The following remarks were delivered on October 28 by Food & Water Watch intern Annie Willis at the beginning of the #Sandy5 march in New York City, commemorating the five-year anniversary of Superstorm Sandy.
Hello everyone, my name is Annie Willis. I am an intern at Food & Water Watch, and I’m also a climate activist.
Food & Water Watch works to create a healthy and safe environment, and a sustainable future for our families.
I was born and raised in Far Rockaway. I lived in a one family house with my mother, brother and my dog—whose name is Sandy, ironically. As a child, I remember going to the beach with my family and friends, and always having a good time.
On October 29, 2012, my life changed. I remember the news telling us to evacuate, but we decided to stay because we weren’t impacted by Hurricane Irene. That night I witnessed the pitch-black water surge above cars, and come to my doorstep. I witnessed the broken window sound, and the gushing of water in my basement. At 15, I felt hopeless. And that night, I knew that our lives would never be the same.
After Sandy, we stayed in a cramped hotel room in Queens. I spent most of my high school years in a hotel room. After Sandy, I also witnessed that after two weeks we had no hot water, no electricity or heat.
I think the hardest challenge after Sandy was getting back my mental health back. I battled through depression, and all of my family members went through mental battles of their own.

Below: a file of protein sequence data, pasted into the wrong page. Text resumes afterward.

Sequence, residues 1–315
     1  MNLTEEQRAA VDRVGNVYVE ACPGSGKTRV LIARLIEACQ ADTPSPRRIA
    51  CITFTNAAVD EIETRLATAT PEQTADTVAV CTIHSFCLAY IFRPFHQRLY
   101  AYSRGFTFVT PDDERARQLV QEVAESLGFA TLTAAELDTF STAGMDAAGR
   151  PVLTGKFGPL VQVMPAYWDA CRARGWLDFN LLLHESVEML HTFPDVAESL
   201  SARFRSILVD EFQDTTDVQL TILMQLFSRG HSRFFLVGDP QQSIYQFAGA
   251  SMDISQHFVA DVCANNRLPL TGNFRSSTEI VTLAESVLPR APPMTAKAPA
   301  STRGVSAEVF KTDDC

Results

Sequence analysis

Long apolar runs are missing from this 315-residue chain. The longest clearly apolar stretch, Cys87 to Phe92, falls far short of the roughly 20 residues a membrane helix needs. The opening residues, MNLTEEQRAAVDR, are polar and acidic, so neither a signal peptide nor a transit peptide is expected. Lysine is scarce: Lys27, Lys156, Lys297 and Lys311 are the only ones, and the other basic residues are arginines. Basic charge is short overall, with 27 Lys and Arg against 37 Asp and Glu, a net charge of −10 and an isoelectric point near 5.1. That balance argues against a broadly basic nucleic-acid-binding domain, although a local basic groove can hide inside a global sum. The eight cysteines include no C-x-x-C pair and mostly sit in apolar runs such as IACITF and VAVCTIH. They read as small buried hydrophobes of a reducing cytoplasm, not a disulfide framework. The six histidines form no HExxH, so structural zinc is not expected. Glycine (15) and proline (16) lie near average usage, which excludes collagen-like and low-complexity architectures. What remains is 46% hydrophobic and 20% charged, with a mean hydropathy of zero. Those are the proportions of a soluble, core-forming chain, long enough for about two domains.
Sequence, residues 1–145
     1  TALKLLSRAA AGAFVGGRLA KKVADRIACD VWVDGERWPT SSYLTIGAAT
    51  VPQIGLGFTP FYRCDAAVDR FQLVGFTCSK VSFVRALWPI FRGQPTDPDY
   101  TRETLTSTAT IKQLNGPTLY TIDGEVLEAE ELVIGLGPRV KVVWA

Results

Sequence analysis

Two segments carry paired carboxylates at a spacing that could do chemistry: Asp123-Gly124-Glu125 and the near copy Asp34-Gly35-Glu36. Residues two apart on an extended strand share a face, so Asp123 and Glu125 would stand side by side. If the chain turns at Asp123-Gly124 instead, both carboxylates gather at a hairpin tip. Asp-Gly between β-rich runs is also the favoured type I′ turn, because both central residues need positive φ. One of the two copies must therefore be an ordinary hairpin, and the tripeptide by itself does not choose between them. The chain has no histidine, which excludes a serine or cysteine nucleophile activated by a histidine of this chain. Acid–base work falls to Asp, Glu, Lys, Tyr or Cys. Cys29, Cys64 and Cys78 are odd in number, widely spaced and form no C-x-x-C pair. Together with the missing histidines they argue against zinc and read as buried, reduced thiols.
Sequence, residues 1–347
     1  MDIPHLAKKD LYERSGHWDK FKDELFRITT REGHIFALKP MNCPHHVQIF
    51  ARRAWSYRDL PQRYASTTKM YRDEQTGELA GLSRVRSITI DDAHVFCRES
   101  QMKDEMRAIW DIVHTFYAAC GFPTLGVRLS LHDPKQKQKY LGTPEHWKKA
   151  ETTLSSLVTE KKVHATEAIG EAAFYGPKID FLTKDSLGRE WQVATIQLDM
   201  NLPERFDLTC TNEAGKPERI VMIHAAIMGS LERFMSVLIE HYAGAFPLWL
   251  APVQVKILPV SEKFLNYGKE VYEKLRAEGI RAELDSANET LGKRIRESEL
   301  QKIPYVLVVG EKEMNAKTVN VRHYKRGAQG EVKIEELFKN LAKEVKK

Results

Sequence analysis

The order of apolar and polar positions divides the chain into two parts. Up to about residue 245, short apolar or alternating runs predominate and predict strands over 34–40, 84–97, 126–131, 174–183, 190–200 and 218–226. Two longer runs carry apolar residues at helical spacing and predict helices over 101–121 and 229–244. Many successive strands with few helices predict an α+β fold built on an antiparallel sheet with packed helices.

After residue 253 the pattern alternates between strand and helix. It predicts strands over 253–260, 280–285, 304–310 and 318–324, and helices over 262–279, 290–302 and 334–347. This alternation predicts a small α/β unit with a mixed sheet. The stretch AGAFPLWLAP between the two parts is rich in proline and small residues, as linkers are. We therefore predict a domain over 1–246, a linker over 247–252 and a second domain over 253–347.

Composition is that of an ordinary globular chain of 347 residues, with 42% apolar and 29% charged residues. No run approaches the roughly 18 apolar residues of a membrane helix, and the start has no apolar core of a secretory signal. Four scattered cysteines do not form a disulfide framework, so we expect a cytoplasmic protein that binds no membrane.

Climate change disproportionately impacts children, low income people, and minorities. This is why I am asking the city to get survivors back in their homes, and also to create homes that are as resilient as New Yorkers, and that will weather the storms.
Today, we are experiencing extreme weather related events like hurricanes, droughts, fires, and mudslides. We must work to combat climate change and protect the future generation.
We have to show our collective power, and demand Mayor Bill de Blasio, Governor Andrew Cuomo, and Senator Chuck Schumer be champions of bold climate action, and to commit New York City—and the rest of the nation—to 100% renewable energy.
We remember! We remember the lives lost to Sandy. We remember the hospitals shutting down. We remember not having light, heat or electricity. We remember.
We resist! We resist the notion that storms like Sandy are normal. We resist the climate deniers in the White House.
We rise! We rise against injustice. We rise against racism. We rise by holding our elected officials accountable. We rise by making sure that those elected officials support getting off fossil fuels and going green: 100 percent renewable energy. We rise by going out to vote—November 7, y’all.
We organize, we speak out, and we march. We remember, we resist, and we rise. Thank you.